Business groups such as the WBCSD and the BSDC have also supported such a tax reform. According to the European Commission, a tax shift from labour to green taxes is 'a winning strategy'. In today's world, green taxes are a rational tax base, labour taxes much less so.

Rebalancing the tax system

While it is not easy to change tax systems, the basic principle is simple: 'tax less what you want more of'. Three steps need to be taken.

Step 1: Put a price on pollution and natural resource use, such as fossil fuels, waste, water and the extraction of metal ores.

Countries can start with the low-hanging fruit: options that suit national circumstances best. In light of the Paris Climate Agreement, abolishing fossil fuel subsidies and effective carbon pricing are the first likely candidates.

Step 2: Use revenues to lower the tax burden on labour and improve social protection

The revenues from Step 1 are used to lower personal income tax, social contributions (both for employees and employers) and payroll taxes. Careful design is required to make sure that the needs of vulnerable groups are addressed through increased social protection or income support.

Step 3: Monitor and adjust

As in the current system, any reform needs to be monitored and adjusted. The tax take from green taxes may reduce over time, as they succeed in changing consumer and business behaviour. When this happens, the scope of the taxes can be expanded, or the rates increased. In a fast-changing world, fiscal systems will need to adapt much faster than they have before.

The risks and opportunities of such a shift are not evenly distributed, but in the face of the megatrends, 'business as usual' is no longer an option. Fortunately, innovation and adaptation are in the DNA of business and every sector has opportunities for developing business models that are fit for the future.

Modelled impacts

To contribute to the large body of research on such tax reform, in 2014, a working group of experts convened by The Ex'tax Project developed a scenario decreasing the tax burden on labour (for individuals and employers), and instead increasing VAT-rates and excise duties on fossil fuels, as well as taxation of electricity, water and carbon emissions, in the Netherlands.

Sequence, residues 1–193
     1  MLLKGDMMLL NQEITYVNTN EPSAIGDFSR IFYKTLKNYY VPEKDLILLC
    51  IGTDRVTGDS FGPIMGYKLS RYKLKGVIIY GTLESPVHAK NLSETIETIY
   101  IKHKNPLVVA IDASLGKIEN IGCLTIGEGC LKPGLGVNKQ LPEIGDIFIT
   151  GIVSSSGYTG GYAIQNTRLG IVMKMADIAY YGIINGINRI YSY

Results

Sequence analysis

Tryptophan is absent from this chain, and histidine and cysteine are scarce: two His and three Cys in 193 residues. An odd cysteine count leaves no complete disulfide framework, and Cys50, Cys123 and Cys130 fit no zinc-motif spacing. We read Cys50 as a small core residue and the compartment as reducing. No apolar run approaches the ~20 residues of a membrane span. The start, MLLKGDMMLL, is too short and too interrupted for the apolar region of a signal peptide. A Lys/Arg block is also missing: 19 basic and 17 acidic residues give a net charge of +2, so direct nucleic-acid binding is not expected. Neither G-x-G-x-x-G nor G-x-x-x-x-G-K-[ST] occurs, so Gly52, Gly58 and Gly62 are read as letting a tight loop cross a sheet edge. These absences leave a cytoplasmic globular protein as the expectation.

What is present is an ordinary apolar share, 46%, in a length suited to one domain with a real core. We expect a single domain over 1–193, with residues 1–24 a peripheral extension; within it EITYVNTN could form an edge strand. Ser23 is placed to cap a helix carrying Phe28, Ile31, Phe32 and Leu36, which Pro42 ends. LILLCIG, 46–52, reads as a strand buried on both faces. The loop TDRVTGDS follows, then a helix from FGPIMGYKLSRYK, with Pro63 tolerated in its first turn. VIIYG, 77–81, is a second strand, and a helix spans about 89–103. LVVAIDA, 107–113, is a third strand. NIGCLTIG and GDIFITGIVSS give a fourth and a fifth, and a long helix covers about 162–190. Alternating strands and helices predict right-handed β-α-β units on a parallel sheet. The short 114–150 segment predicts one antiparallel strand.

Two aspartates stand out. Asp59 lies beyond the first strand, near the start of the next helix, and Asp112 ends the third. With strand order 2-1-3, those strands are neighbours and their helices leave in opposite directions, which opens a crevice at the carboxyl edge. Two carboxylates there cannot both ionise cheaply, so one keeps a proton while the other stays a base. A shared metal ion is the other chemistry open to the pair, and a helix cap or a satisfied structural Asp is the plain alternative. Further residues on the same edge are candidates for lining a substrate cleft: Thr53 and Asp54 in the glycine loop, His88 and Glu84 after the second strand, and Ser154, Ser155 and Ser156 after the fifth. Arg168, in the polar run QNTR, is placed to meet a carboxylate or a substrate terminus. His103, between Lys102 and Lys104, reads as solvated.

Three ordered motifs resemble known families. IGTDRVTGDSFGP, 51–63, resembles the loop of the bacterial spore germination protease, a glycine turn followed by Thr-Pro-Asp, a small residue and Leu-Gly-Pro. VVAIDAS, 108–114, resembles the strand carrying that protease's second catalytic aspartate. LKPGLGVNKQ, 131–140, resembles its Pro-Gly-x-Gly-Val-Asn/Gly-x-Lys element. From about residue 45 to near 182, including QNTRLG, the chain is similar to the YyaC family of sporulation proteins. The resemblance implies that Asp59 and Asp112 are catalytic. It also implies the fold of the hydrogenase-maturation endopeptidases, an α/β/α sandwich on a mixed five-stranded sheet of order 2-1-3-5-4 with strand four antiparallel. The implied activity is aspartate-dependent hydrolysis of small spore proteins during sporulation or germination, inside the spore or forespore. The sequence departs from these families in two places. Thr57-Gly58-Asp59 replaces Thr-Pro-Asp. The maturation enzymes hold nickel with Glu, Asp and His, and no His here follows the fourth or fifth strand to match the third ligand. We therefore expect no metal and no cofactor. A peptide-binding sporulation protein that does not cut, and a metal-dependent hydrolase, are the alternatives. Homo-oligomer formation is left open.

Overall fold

In 2016, Cambridge Econometrics modelled the impacts of such a budget-neutral tax shift scenario across 27 EU member states. The results show that switching €554bn of taxes from labour to pollution and resource use could – compared to business as usual:

  • add €842bn in GDP 
  • enable 6.6m more people to be in employment
  • cut carbon emissions by 8.2% by 2020
  • save €27.7bn on the energy import bill over a five-year period.

Why do tax systems need to change today?

Unprecedented labour challenges

Across the world in 2018, 192m people are unemployed. Almost 1.4bn workers are estimated to be in vulnerable employment, meaning they have a lower likelihood of formal work arrangements.

Informal workers - those who work without a legal contract – generally have lower wages and little or no job security. When employers hire workers informally or in the ‘gig economy', this limits the workers’ job security, skill development as well as their social protection.

In developing countries, vulnerable employment affects three out of four workers. According to the ILO, the global youth unemployment rate for 2017 was 13%, and it was highest in the Arab States, at 30%.

An estimated 71 million people under 25 years of age are unemployed globally and young people are twice as likely as adults to be in temporary employment.

At the same time, ageing populations are causing one of the most significant social transformations of the 21st century. The number of people aged 60 years or over is expected to more than double by 2050.

In OECD countries, public expenditure on health and pensions already account for one-third to one-half of primary expenditure while 12.5% of people aged 65 and over in OECD countries live in relative income poverty. In future, more and more elderly citizens will find they cannot afford not to work.

Taxes affect employment decisions

A lower tax burden on labour creates employment opportunities. The tax burden on labour has an impact on employers' decision-making process when choosing business models and about the hiring and firing of employees.

High payroll costs could encourage employers to gain efficiency by minimising the number of employees. Informal employment attracts lower taxes than formal employment (or, when it takes place in the shadow economy, no taxes at all), which tips the scales towards precarious ways of working. Rebalancing the scales is a key challenge to governments around the world.